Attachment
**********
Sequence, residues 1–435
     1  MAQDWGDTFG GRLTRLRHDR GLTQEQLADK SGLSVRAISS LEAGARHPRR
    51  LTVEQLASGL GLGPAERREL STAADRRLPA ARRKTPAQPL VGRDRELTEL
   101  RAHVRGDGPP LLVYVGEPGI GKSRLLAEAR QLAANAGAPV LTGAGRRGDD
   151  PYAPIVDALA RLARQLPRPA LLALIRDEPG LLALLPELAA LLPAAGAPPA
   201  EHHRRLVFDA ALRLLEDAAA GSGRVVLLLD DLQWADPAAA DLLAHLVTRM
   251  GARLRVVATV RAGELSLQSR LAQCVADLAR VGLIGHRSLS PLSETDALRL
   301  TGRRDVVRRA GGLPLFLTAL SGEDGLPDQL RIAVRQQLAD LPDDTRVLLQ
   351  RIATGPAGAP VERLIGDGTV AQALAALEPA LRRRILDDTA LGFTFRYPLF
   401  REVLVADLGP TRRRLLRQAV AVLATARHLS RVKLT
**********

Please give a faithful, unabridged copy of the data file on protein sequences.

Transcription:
Sequence, residues 1–435
     1  MAQDWGDTFG GRLTRLRHDR GLTQEQLADK SGLSVRAISS LEAGARHPRR
    51  LTVEQLASGL GLGPAERREL STAADRRLPA ARRKTPAQPL VGRDRELTEL
   101  RAHVRGDGPP LLVYVGEPGI GKSRLLAEAR QLAANAGAPV LTGAGRRGDD
   151  PYAPIVDALA RLARQLPRPA LLALIRDEPG LLALLPELAA LLPAAGAPPA
   201  EHHRRLVFDA ALRLLEDAAA GSGRVVLLLD DLQWADPAAA DLLAHLVTRM
   251  GARLRVVATV RAGELSLQSR LAQCVADLAR VGLIGHRSLS PLSETDALRL
   301  TGRRDVVRRA GGLPLFLTAL SGEDGLPDQL RIAVRQQLAD LPDDTRVLLQ
   351  RIATGPAGAP VERLIGDGTV AQALAALEPA LRRRILDDTA LGFTFRYPLF
   401  REVLVADLGP TRRRLLRQAV AVLATARHLS RVKLT